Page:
In spite of the pressure from the opposition, early elections are thought to be unlikely.
Instead, the president may appoint a caretaker administration led by Mr Renzi’s Democratic Party, which would carry on until an election due in the spring of 2018.
Finance Minister Pier Carlo Padoan is the favourite to succeed Mr Renzi as prime minister.
How will this go down elsewhere in Europe?
The result is being seen as a blow to the EU, although there is no question of Italy following the UK out of the door.
Both Five Star and the Northern League are opposed to the eurozone but not to membership of the EU itself.
So far, mainstream EU politicians have been slow to react.
EU Economics Commissioner Pierre Moscovici dismissed the referendum as a domestic issue and said it was not a vote against the EU.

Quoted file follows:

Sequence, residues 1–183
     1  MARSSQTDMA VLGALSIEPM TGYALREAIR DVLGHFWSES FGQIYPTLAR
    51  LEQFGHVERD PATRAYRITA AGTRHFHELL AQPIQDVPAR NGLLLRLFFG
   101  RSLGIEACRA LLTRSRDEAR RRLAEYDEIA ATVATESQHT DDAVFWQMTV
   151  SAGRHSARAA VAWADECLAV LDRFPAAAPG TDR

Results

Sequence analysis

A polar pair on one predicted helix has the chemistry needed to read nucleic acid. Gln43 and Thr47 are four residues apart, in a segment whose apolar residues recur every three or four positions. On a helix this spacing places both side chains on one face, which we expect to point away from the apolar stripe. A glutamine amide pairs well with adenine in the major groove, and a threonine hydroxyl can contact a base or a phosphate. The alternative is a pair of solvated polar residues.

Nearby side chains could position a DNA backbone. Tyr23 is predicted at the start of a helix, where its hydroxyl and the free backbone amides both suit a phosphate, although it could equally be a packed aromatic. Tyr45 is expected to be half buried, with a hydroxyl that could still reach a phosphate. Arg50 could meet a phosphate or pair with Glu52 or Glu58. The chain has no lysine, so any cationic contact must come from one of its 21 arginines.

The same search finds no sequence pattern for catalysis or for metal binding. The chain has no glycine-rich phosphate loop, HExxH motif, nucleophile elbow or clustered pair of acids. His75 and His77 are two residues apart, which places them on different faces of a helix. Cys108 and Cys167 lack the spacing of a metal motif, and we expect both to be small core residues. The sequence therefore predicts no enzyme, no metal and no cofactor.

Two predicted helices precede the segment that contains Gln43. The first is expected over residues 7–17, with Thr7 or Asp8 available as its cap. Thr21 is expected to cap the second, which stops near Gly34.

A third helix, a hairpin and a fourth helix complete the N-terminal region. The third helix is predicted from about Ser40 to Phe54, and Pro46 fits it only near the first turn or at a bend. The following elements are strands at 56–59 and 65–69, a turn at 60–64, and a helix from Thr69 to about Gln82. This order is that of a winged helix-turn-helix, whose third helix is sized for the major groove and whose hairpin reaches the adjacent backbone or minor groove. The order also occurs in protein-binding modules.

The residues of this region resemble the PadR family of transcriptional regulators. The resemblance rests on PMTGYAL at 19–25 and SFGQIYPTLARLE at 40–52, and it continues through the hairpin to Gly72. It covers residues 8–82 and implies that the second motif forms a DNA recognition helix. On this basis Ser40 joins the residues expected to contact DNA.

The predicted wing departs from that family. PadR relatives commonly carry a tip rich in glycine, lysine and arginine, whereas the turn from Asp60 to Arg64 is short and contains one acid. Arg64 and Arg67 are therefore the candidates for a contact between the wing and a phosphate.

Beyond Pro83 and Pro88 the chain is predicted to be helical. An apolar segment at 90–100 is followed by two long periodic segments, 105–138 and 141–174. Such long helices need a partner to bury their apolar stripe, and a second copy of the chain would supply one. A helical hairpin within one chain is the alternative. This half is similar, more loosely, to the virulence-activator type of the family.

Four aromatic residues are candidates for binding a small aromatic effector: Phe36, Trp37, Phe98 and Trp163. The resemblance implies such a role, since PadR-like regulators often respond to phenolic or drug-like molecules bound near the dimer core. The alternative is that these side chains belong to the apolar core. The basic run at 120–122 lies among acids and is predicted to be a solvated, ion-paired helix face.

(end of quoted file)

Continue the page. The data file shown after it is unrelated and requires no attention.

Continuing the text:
“It’s a solid country with solid authorities and I have complete confidence that Italy can handle this situation,” he told French TV.
The Governor of the Bank of France, Francois Villeroy, who is also a policymaker for the European Central Bank, put a brave face on it.
“The referendum in Italy yesterday may be deemed as another source of uncertainty,” he said. “However, it cannot be compared to the British referendum: Italian people have been called to the polls to vote on an internal constitutional matter, and not on Italy’s long-standing EU membership.”
But the leader of far-right Front National in France, Marine Le Pen, tweeted her congratulations to the Northern League.